Jordan Hislop caught this nice scarlet recently. They are known by many names, but these large-mouthed models are great eating.
Lincoln Hislop went one better with this beaut red emperor.
Luke scored a ripper red recently. There should be a few caught from out wide next week.
Inshore Reef Fishing Will Be Hectic
Many won’t burn as much fuel, and won’t need to either. After such a prolonged spell of northerly winds, the southern bay’s reefs should be quite productive. The usual candidates will be on offer, being coral trout, cod, grass sweetlip, blackall and mackerel. A few squire could be caught, though their numbers are minimal this time of year. Inshore scarlets will be on the chew and they are one of the best local prizes, if you can get them away from the sharks.
School mackerel will be worth pursuing for those that are into that sort of thing, and many will be caught well away from the usual bait-laden reef haunts. Schoolies love to hunt the pencil squid as they traverse our shipping channels, so many are caught in very open waters well away from any reefs. Trollers will have an edge when it comes to tracking them down.
Churned up waters over our shallow reefs will be hosting reef fish predating on all manner of prey disorientated by the messy waters. Coral trout will be eagerly pursued by trollers and those flicking softies alike, though just as many might be caught with age-old bait fishing techniques. No-one would out-fish an accomplished hand-liner over shallow reef terrain if the fish are stacked up.
The shallows will be favoured by many chasing a feed of sweetlip. Avoiding the sharks in deeper water draws more to the shallows than ever before, yet even there you are no longer safe. Stories of sharks predating on fish hooked trolling were common prior to this blow, so expect more issues in the future. Snorkelers should be very wary in the turbid stirred-up waters post-northerly winds.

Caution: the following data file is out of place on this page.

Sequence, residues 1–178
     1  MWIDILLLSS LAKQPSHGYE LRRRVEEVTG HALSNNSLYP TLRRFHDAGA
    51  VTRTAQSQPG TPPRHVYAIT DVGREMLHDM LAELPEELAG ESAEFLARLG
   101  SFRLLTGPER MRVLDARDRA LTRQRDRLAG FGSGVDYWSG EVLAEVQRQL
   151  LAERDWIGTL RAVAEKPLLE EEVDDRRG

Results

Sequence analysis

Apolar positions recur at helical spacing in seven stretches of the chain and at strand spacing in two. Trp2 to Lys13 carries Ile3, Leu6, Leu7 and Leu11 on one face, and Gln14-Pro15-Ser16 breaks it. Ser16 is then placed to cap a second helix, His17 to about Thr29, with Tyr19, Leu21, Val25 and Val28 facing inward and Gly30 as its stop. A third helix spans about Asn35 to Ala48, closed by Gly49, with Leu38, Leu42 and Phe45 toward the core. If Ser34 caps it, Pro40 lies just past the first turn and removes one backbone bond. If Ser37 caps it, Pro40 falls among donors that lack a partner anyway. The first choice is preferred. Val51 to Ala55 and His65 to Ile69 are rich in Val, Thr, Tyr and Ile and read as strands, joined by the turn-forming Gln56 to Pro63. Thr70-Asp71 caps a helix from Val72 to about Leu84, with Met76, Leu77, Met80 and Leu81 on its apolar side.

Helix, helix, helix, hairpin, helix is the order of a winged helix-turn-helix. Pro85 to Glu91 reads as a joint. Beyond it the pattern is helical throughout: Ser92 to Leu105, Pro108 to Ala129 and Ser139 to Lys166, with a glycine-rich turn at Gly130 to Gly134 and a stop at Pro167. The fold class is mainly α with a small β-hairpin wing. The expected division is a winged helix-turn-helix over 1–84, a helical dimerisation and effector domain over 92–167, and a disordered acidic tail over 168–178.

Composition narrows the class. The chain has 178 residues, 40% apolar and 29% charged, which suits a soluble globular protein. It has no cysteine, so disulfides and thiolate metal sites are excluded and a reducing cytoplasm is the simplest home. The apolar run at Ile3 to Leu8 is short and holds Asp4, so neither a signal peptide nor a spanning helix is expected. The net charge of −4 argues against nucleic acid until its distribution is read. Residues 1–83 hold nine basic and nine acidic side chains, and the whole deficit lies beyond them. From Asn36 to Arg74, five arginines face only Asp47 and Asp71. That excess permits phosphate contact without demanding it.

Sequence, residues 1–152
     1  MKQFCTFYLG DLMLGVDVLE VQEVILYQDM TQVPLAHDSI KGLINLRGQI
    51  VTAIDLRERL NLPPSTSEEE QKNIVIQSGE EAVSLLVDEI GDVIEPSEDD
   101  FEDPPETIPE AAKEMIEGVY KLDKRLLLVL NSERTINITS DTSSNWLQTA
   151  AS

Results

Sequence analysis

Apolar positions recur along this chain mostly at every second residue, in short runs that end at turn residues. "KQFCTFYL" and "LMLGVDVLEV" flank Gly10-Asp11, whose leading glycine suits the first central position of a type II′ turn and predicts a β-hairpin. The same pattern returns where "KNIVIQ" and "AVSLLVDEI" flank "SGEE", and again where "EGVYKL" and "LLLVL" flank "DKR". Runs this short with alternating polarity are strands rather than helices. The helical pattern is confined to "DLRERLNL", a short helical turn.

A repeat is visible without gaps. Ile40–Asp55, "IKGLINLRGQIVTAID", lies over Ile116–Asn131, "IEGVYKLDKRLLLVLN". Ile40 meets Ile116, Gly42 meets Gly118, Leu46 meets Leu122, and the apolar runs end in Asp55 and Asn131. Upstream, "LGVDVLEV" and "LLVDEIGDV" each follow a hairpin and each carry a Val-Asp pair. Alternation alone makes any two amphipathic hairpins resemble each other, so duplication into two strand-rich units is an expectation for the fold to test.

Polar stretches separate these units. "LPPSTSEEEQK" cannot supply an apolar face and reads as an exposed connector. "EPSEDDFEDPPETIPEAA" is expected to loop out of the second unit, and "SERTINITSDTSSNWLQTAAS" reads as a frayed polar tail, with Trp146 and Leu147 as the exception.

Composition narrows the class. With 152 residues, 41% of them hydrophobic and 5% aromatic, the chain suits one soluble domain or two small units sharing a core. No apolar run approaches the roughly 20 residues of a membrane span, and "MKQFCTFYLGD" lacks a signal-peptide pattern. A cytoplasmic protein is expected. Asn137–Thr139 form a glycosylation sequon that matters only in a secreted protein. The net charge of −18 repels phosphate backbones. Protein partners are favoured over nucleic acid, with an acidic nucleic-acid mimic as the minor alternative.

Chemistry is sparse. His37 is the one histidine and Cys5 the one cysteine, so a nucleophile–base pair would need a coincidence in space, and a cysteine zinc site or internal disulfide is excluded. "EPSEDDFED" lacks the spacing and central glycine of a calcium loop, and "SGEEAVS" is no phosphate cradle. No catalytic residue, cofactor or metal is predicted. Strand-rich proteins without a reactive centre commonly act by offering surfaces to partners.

Many crews will include sessions plundering the squid grounds as part of their days on the water. Catching pencil squid is a ton of fun, especially for the kids. Some folks are good at it and take no time at all to secure their bag limit of 50, whilst others struggle and take ages. Day or night, the technique varies greatly, but both are productive.
Ben scored a handy feed of sweeties and mackerel. These two species offer perhaps the easiest feed for the family fisho, so get into them when the weather improves.
It’s Been a Spotty-Fest Inshore
Prior to this sustained northerly blow, there were schools of spotted mackerel all over the south-eastern bay. The waters off Coongul Point were particularly productive, and many crews didn’t bother heading any further north. Spotties were also rounding up their favourite tiny baitfish further down into the northern straits, seen feeding off Kingfisher Bay, the Picnics and throughout the nearby shipping channels.
Having a tendency to push their prey into the prevailing waves, the spotties might be expected to have migrated back northwards up the bay this week. That may be the case for many, so be prepared to run up the island or out wider into the central bay if the schools inshore have dispersed. You shouldn’t have to drive far to track them down.